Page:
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Without a short-term end to the current Covid-19 situation, it’s now more important than ever to make sure your business contingency plan is still up-to-date and relevant to safeguard your future fundraising income over the coming months.
During this unprecedented time, it’s unlikely that current plans have included a situation such as this, so here are some ideas that you may want to consider:
We’ve seen that some supporters are worried about their financial position and some donors will take the decision to stop supporting you while they try to manage their money.
However, continuing communication with your supporters is vital right now. Share what’s happening in your charity, your services and all the good news stories to remind donors of why they should give, listen to their feedback and thank them again when you can.
It’s not just supporters with whom you need to communicate. With the speed at which events are changing, ensuring internal communication with senior management and trustees is key.
Creating a feeling of one-team has never been so important, so good and frequent communication to all staff is vital for motivation, engagement, energy and keeping them up to date with what they need to know.
With the other distractions in the home working environment, including juggling childcare, homeschooling and more, this will help staff focus on what’s important.
Your Supporter Care teams are key to helping you soften the impact of cancellations during this time.
While many supporters will just want to cancel their donations, when you thank them for their support, it’s worth asking if they’d consider an alternative to a straight cancellation, such as lowering their gift amount to just a few pounds, or skipping a payment or taking a payment holiday. This means you’ll still get some regular giving donations coming in, albeit at a lower rate.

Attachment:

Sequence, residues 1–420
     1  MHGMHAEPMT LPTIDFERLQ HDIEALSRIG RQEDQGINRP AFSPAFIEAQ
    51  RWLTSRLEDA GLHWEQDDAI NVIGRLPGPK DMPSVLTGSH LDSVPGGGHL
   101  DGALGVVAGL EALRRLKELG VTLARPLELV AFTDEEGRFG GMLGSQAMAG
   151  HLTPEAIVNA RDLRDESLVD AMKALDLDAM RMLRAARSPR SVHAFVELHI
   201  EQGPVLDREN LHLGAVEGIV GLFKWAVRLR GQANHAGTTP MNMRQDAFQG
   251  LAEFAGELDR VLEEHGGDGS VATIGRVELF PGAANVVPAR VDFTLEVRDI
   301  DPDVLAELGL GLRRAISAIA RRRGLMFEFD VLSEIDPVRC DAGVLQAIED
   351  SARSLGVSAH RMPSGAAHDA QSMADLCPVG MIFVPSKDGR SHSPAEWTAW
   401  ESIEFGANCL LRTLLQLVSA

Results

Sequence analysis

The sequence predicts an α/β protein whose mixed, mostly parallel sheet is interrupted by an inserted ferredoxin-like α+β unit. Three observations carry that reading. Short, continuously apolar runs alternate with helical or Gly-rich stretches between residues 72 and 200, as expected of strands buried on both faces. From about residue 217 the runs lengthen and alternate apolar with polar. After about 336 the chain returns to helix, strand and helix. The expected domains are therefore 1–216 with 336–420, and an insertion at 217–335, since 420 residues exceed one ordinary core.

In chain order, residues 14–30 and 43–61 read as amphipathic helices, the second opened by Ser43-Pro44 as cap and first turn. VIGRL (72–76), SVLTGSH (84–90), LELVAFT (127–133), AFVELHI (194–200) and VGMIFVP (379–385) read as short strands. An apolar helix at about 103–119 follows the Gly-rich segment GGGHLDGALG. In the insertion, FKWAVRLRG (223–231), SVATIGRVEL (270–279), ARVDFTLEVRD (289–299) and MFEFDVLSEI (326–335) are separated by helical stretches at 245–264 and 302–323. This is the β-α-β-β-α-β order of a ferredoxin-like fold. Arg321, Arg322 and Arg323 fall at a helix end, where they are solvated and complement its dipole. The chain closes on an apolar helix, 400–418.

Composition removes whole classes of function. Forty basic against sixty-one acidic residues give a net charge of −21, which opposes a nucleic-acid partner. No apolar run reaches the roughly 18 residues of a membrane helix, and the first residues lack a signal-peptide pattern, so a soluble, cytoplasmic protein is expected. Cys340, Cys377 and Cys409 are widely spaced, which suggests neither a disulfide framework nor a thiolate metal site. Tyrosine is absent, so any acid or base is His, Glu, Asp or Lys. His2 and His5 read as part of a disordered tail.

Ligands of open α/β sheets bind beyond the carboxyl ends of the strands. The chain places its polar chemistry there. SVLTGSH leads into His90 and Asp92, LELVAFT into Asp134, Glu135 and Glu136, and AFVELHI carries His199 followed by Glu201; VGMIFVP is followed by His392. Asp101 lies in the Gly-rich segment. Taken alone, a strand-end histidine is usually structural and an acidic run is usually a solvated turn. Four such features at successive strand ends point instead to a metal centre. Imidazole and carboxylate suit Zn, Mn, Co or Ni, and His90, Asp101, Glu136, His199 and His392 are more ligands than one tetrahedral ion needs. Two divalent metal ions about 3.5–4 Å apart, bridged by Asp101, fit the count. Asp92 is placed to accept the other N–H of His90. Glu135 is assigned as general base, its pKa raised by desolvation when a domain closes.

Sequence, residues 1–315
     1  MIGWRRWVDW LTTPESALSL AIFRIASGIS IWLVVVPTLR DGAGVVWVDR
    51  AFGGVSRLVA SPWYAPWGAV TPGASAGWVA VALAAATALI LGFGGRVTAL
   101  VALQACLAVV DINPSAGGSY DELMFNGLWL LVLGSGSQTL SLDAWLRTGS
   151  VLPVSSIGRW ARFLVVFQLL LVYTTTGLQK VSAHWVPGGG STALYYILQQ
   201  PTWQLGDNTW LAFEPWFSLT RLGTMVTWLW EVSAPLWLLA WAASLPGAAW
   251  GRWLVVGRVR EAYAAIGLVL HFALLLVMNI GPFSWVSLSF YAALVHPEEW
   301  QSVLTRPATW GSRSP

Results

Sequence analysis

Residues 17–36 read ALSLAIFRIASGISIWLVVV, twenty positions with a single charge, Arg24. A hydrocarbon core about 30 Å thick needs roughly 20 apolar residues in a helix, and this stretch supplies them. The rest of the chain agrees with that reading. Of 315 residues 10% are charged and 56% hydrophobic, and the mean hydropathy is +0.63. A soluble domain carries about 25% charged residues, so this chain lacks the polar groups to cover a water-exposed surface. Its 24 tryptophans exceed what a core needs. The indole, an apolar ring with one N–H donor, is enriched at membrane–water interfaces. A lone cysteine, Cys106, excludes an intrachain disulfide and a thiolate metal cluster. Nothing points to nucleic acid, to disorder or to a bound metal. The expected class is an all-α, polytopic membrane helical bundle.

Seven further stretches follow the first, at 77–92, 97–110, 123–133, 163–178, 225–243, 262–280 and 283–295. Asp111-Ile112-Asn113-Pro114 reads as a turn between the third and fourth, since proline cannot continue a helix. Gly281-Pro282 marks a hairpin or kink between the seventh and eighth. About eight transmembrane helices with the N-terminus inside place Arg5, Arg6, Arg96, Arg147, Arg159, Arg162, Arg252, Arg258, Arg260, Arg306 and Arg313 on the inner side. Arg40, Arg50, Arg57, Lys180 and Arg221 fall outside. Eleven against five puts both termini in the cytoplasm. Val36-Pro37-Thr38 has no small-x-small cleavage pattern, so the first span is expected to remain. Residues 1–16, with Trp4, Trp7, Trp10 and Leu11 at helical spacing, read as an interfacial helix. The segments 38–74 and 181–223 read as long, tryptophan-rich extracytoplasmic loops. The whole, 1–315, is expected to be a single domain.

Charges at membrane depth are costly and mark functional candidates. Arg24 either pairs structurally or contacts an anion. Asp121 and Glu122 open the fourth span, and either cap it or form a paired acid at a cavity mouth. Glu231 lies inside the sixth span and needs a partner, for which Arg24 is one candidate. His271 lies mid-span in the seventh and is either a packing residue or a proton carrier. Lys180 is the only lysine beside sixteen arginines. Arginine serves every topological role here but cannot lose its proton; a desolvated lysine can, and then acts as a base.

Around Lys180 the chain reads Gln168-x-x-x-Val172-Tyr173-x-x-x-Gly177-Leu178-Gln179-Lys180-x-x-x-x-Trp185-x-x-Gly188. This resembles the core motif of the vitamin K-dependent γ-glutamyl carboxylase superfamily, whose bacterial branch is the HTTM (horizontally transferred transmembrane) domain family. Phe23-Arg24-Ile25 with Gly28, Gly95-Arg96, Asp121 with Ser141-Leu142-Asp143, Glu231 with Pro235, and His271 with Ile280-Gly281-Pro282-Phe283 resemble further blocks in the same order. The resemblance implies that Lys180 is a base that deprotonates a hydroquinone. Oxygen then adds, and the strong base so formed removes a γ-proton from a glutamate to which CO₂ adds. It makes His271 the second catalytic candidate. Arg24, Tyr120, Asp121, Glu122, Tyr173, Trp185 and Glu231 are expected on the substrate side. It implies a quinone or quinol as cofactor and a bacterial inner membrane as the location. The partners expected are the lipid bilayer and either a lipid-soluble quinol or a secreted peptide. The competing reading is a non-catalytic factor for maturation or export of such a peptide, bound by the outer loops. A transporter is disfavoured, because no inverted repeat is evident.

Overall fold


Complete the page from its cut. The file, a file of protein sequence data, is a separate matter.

The evolving situation means that you need your teams to respond quickly, and ensuring that they have the tools to do so at home.
Do they have access to the right platforms and systems, with all the passwords they need? Are they able to make changes to your digital channels quickly and in response to any new Government rules.
And if you’re working with any third parties, make sure they have given you all the support you need so you can access their systems remotely.
Don’t miss the opportunity to make sure your digital strategy is relevant for the current situation.
With remote working it means everyone is online, so make it easy for supporters to find what you’re doing, via your website, social media, email newsletters and give them the opportunity to support you digitally, whether that’s via a computer, mobile or tablet.
Make sure you check in with your key suppliers to ensure they’re prepared for the ongoing situation.
It’s definitely worth having an open conversation about what the impact is on them, the services they provide you, and what contingency plans they have in place to make sure they don’t let you down.
As we know, we are in this for the long-haul, so while getting everything up and running now is taking much time and energy, don’t lose sight on planning for the long term.
If this continues for six months or more, start to think what this might look like for you, and regularly assess this against the changing nature of the situation.
These are only a few areas to consider as part of your business continuity plans, however we hope these points will go some way to help charities soften the impact of losing supporters and income, as we progress through these challenging times.